• Support the training and selection of energy managers to carry out energy management;
  • Provide forms of budgetary, tax and financial support (see JP-6) .

Implementation Toolbox

Guidance is provided to support energy management and for compliance reporting. Guidelines are provided by the Energy Conservation Centre Japan (in Japanese only).

Complexity of Implementation


Development of guidelines for reporting and planning; monitoring and enforcement at company level.

Target Group

Establishing energy management systems, reporting obligations, training and certification of energy managers.

Impacts, Costs & Benefits Expand this section to find information on policy effectiveness and efficiency.

Impact Quantitative Estimate Qualitative Estimate
Estimated effect on energy consumption or emissions Not Available Not Available
Estimated costs/benefits for industry Not Available Not Available
Estimated cost for government Not Available Not Available
Other Benefits
General Benefits Reduced energy costs, reduced CO2 emissions and other environmental pollutants.
Specific Benefits Better insight into the potential for energy efficiency measures and costs.

References & Footnotes


[1a] Act on the Rational Use of Energy (1979). Retrieved from: http://www.asiaeec-col.eccj.or.jp/law/revised/rue_2.pdf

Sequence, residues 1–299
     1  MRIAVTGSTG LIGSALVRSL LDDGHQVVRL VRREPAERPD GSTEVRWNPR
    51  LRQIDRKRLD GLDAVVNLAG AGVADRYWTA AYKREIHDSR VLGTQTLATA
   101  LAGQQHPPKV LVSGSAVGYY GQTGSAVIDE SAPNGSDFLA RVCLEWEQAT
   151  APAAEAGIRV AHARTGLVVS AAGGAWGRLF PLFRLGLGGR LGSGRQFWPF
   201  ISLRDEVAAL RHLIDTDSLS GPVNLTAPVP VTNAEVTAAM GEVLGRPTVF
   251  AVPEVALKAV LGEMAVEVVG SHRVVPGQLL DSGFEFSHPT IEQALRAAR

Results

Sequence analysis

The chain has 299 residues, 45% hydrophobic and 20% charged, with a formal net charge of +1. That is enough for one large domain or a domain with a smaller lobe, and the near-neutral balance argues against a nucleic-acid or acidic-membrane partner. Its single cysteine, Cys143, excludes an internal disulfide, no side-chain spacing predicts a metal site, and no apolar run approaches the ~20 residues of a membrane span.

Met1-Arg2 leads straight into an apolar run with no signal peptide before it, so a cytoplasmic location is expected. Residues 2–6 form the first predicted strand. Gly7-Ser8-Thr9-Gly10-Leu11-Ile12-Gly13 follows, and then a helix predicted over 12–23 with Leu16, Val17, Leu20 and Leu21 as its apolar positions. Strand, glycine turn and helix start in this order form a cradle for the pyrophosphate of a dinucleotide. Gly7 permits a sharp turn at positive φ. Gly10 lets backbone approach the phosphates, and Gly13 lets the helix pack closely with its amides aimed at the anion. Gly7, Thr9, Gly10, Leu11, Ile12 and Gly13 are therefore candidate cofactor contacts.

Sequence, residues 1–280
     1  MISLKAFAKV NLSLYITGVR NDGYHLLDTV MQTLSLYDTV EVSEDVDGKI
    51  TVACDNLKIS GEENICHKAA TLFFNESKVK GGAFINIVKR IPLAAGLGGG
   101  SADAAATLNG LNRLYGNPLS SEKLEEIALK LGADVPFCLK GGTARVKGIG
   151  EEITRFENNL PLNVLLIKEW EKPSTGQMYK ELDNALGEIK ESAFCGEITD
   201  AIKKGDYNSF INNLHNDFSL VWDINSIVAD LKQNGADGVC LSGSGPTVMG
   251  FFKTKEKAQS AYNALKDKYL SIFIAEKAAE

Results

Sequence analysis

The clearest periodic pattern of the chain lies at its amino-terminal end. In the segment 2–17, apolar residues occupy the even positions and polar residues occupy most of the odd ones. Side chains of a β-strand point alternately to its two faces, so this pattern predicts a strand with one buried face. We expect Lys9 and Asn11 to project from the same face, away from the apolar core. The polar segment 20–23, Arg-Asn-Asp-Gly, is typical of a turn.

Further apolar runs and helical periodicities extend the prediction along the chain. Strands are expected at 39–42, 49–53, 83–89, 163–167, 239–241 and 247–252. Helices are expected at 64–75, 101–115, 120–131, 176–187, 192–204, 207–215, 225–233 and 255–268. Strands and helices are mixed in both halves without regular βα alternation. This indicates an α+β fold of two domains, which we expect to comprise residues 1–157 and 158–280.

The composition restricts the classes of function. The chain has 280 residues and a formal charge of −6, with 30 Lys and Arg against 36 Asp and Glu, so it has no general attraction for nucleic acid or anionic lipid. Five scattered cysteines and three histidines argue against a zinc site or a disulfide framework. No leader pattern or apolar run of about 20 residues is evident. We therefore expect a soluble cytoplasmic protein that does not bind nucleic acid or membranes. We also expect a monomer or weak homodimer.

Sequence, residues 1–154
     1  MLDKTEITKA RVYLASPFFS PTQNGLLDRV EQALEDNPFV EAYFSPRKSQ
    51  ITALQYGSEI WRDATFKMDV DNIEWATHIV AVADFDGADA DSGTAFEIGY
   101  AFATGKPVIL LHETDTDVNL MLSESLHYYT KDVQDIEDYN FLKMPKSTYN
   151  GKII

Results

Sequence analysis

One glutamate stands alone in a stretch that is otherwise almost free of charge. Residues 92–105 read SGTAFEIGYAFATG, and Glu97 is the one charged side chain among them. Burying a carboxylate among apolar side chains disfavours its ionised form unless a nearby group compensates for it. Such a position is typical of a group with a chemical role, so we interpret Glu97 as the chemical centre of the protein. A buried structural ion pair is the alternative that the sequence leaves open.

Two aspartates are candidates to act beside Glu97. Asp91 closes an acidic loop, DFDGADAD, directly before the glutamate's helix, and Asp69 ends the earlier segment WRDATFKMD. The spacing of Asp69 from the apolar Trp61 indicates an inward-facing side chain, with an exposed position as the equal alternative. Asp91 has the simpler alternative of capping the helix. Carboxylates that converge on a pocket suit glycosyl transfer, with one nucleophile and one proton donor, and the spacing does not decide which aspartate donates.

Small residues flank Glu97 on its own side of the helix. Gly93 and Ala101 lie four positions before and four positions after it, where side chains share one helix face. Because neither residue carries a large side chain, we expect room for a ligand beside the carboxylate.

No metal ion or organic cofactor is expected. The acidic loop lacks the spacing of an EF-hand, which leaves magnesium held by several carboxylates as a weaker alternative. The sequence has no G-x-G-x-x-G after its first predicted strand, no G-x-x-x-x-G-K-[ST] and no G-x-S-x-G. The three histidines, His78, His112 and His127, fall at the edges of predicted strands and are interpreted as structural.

[1b] Energy Conservation Centre Japan. Chronicles of Energy Conservation Laws. Retrieved from: http://www.asiaeec-col.eccj.or.jp/chronicle/index.html

[1c] Energy Conservation Centre Japan (2001). Act on the Rational Use of Energy. Retrieved from: http://www.asiaeec-col.eccj.or.jp/databook/2001e/04_02_01.html

[1d] Energy Conservation Centre Japan (2001). Guidelines of factories for rationalization of energy use. Retrieved from: http://www.asiaeec-col.eccj.or.jp/databook/2001e/04_03_01.html

[1e] Energy Conservation Centre Japan (2009). Energy Conservation Policies and Laws in Japan. Retrieved from: http://www.asiaeec-col.eccj.or.jp/databook/2009e/pdf/handbook09_2.pdf

[2] IEA (2208). Japan 2008 review. Retrieved from: http://www.iea.org/textbase/nppdf/free/2008/japan2008.pdf

[3] Sakamoto, T. (2009). The More Rational Use of Energy, Article in The Japan Journal, Oct 2009. Retrieved from: http://www.japanjournal.jp/tjje/show_art.php?INDyear=09&INDmon=10&artid=4c8d1ccdde5e8c011adfc5e84976fad2

[4] KUDO, H. (2009). Energy Management Activities in Japan, The Energy Conservation Center, Japan, 2009. Retrieved from: http://www1.cetim.fr/eemods09/pages/programme/084l-Kudo-final.pdf


(*1) Energy management control officer, Article 7-2 (1) Pursuant to the provision of an Ordinance of the Ministry of Economy, Trade and Industry, a specified business operator shall, with regard to preparation affairs of medium- and- long-term plans prescribed in Article 14, paragraph (1) and the rational use of energy in its factories, etc.,

(*2) When METI finds the energy efficiency levels to be significantly insufficient (following the receipt of reports and/or on-site inspections), it instructs the installation to improve its performance, announces to the public the finding or can penalise a particular factory. To date, METI’s advice following on-site investigations or inspections has succeeded in improving energy efficiency at such factories, and no penalties have been incurred.